Ziagen Bottles Found With Combivir Labels
Four bottles containing Ziagen tablets have been found with counterfeit or suspect labels for Combivir tablets, GlaxoSmithKline announced late Friday afternoon.
The company indicated in a press release that no injury or adverse reaction from the "third-party tampering" with the abacavir product had been reported so far. According to the firm, the primary risk to a patient who ingests Ziagen instead of Combivir, which contains lamivudine and zidovudine, is the development of a potentially life-threatening hypersensitivity reaction to abacavir. The labeling for Ziagen includes a boxed warning about the possibility of a fatal hypersensitivity reaction from abacavir exposure and a statement indicating that this adverse event occurs in about 5 percent of patients who receive abacavir therapy.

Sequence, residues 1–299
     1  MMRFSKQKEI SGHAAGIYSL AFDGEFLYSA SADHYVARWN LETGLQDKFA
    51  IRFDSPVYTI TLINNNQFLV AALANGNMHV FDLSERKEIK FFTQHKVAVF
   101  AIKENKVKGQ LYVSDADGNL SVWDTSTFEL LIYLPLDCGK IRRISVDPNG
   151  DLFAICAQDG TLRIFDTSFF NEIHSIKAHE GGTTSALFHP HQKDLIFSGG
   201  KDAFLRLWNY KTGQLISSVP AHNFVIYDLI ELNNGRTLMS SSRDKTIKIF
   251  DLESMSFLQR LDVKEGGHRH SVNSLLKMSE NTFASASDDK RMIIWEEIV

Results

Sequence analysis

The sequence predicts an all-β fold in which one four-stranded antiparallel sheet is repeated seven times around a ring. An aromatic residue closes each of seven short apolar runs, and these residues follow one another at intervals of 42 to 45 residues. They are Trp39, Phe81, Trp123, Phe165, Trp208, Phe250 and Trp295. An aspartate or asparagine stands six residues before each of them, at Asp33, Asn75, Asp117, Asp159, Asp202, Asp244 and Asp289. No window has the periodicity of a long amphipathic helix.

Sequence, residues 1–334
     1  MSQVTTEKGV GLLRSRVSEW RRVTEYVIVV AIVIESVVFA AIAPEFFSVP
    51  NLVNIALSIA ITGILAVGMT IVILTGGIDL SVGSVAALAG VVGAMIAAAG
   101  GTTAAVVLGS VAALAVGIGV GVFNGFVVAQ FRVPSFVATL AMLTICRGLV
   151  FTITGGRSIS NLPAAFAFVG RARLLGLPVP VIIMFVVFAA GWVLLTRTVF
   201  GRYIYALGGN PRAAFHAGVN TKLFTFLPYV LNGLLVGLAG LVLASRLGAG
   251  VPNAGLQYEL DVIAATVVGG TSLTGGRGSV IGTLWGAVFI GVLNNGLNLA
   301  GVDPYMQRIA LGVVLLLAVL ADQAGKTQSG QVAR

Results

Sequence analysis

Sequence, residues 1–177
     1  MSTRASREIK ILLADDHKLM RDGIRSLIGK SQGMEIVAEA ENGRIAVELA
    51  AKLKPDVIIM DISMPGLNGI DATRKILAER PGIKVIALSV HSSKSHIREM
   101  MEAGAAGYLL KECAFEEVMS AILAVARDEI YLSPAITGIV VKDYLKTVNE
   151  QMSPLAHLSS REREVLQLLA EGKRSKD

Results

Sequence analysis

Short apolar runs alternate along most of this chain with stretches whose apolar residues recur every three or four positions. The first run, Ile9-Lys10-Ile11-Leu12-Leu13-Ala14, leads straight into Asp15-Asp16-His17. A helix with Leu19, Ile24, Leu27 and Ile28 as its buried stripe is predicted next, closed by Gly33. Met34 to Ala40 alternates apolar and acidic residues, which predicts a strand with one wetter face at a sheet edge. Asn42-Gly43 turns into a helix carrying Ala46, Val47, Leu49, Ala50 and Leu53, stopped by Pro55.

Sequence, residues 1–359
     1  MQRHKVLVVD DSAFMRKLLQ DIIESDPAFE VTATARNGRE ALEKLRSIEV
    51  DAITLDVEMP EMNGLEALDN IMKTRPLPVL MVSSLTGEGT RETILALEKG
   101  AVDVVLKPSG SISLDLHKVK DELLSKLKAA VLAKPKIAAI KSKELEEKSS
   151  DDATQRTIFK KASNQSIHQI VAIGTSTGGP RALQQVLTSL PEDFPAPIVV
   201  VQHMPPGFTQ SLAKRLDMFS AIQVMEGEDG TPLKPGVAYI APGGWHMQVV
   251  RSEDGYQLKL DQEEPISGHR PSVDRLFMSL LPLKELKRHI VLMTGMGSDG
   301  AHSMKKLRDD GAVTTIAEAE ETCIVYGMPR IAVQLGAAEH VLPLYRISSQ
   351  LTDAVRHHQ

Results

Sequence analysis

Ziagen tablets are yellow, shaped like a capsule, and engraved with "GX 623" on one side. Combivir tablets are white, shaped like a capsule, and engraved with "GX FC3" on one side. Both products, which are antivirals used in the treatment of human immunodeficiency virus infection, are available in 60-count bottles, sufficient for 30 days of therapy.
GlaxoSmithKline advised patients to immediately contact their pharmacist if they have a concern about their antiviral medication. Pharmacists who have a bottle of Ziagen with a Combivir-label look-alike should contact the company at 888-825-5249.